APIs used:
  • Get paginated transactions for address (v3)  
  • Get earliest transactions for address (v3)  
  • Get transaction summary for address  
  • Get a transaction  


At Covalent, we're committed to providing powerful blockchain data solutions, and our suite of APIs is designed to simplify the process of interacting with blockchain data. This guide focuses on how to utilize our APIs to fetch detailed Ethereum transaction histories efficiently, a vital task for developers working in the blockchain space.

These endpoints are part of the Covalent Unified API, which offers the same requests on over 200 supported blockchains. Follow this guide to get transaction history on Polygon, Fantom, Avalanche and more by simply changing the chain name parameter in your requests.

Understanding Ethereum Transactions

Ethereum transactions are the lifeblood of the Ethereum network, enabling the transfer of value and information between parties. Tracking these transactions is crucial for a wide range of applications, from wallet services to analytical tools. This guide will help you understand how to leverage the Covalent's API to access this vital data.

Overview of Covalent's Historical Transaction APIs

Covalent offers several APIs that make accessing Ethereum transaction data straightforward and efficient:

Get paginated transactions for address (v3)


Commonly used to fetch the transactions involving an address including the decoded log events in a paginated fashion.

Get transaction summary for address


Commonly used to fetch the earliest and latest transactions, and the transaction count for a wallet. Calculate the age of the wallet and the time it has been idle and quickly gain insights into their engagement with web3.

Get earliest transactions for address (v3)


Commonly used to fetch and render the earliest transactions involving an address. Frequently seen in wallet applications.

Get a transaction


Commonly used to fetch and render a single transaction including its decoded log events. Additionally return semantically decoded information for DEX trades, lending and NFT sales.

Using Covalent's API to Get Paginated Transactions for an Address

The endpoint is a robust tool for developers who need to manage large volumes of transaction data. Here's how to use it:

curl -X GET https://api.covalenthq.com/v1/eth-mainnet/address/{walletAddress}/transactions_v3/page/{page}/? \
    -H 'Content-Type: application/json' \
    -u cqt_rQYWtk8wJ9hx44xXJCb4P9D63GX7: \
     # The colon prevents curl from asking for a password

This endpoint is invaluable for applications requiring a chronological view of transaction history, allowing for efficient data retrieval and user-friendly display. It includes decoded event logs to provide context on the transaction action, as well as formatted fiat quotes, protocol details and additional information.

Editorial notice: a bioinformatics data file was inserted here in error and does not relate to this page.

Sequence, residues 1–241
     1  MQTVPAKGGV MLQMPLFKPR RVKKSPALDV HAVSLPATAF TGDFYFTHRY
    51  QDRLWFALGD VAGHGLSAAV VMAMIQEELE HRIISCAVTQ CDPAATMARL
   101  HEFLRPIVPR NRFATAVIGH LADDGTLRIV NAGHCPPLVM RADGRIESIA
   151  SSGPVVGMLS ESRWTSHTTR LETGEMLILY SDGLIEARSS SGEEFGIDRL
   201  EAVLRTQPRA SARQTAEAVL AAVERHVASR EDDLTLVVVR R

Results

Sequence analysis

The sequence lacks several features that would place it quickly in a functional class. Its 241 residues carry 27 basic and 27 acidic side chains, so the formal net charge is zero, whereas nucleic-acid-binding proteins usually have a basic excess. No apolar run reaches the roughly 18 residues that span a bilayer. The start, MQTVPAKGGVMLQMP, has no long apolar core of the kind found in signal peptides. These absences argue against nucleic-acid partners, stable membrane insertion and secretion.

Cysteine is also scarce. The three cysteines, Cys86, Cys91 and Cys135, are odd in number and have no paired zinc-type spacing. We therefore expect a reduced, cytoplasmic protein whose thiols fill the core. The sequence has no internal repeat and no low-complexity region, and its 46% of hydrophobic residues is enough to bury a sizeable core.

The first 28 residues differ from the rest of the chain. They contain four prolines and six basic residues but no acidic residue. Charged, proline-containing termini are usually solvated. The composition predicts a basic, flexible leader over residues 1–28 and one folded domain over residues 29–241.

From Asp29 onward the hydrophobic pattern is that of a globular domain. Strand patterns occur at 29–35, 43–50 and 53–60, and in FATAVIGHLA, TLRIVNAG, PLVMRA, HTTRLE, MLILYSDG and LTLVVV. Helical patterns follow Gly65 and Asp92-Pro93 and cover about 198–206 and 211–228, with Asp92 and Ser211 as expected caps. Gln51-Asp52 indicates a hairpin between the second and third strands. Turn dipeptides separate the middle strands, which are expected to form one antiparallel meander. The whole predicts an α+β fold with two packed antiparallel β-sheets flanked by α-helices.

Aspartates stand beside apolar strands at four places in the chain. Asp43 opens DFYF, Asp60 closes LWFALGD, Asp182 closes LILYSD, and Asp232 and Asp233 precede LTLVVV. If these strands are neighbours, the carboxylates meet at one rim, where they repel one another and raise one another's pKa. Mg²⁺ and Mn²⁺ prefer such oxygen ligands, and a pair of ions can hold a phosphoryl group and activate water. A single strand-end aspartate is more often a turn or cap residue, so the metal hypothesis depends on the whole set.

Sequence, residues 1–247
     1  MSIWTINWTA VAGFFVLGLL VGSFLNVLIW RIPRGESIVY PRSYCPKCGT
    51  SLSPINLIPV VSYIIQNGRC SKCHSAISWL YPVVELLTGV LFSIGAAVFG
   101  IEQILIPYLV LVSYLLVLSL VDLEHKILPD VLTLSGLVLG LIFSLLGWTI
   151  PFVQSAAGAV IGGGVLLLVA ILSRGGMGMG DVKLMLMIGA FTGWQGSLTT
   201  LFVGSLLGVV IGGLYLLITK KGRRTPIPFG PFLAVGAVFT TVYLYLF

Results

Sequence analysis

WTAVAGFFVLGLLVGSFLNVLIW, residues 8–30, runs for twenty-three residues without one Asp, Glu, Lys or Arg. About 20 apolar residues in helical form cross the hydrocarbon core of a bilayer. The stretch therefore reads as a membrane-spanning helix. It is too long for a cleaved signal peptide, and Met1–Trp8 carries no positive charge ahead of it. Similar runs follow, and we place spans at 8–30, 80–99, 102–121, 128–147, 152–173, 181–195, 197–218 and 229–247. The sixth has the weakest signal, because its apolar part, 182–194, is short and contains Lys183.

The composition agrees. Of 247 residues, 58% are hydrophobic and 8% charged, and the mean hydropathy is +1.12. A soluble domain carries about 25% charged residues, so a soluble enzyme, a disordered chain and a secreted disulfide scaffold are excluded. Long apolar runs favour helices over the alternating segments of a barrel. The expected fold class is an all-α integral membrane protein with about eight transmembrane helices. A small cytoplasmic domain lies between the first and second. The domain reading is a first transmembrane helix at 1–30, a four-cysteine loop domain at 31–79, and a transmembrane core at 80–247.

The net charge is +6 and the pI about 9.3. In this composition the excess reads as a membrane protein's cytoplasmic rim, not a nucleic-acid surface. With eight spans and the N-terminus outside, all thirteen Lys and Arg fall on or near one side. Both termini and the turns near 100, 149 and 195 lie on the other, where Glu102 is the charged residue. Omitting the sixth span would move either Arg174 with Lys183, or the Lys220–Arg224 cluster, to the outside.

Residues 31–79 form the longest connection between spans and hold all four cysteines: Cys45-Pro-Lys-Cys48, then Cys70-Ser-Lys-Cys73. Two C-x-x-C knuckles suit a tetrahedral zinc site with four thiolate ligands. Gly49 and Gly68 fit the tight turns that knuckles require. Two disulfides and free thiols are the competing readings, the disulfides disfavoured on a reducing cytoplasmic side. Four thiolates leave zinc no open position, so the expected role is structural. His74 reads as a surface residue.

Fetching Earliest Transactions for an Address

Finding an address's initial interactions on the blockchain is necessary both for the user and the developer needing to know where to paginate results from. The endpoint serves this need effectively:

curl -X GET https://api.covalenthq.com/v1/eth-mainnet/bulk/transactions/{walletAddress}/? \
    -H 'Content-Type: application/json' \
    -u cqt_rQYWtk8wJ9hx44xXJCb4P9D63GX7: \
     # The colon prevents curl from asking for a password

This API is particularly useful for wallet applications and historical analysis.

Understanding Transaction Summary for an Address

The endpoint offers a quick way to gauge a wallet's activity, providing data on the earliest and latest transactions and the transaction count.


npm install @covalenthq/client-sdk


import { CovalentClient } from "@covalenthq/client-sdk";

const ApiServices = async () => {
    const client = new CovalentClient("cqt_rQYWtk8wJ9hx44xXJCb4P9D63GX7");
    const resp = await client.TransactionService.getTransactionSummary("eth-mainnet");

It's an excellent tool for applications that need to assess user engagement or wallet activity at a glance.

Retrieving Detailed Information on a Specific Transaction

For in-depth transaction analysis, the endpoint is invaluable. It provides detailed data, including decoded log events:


npm install @covalenthq/client-sdk


import { CovalentClient } from "@covalenthq/client-sdk";

const ApiServices = async () => {
    const client = new CovalentClient("cqt_rQYWtk8wJ9hx44xXJCb4P9D63GX7");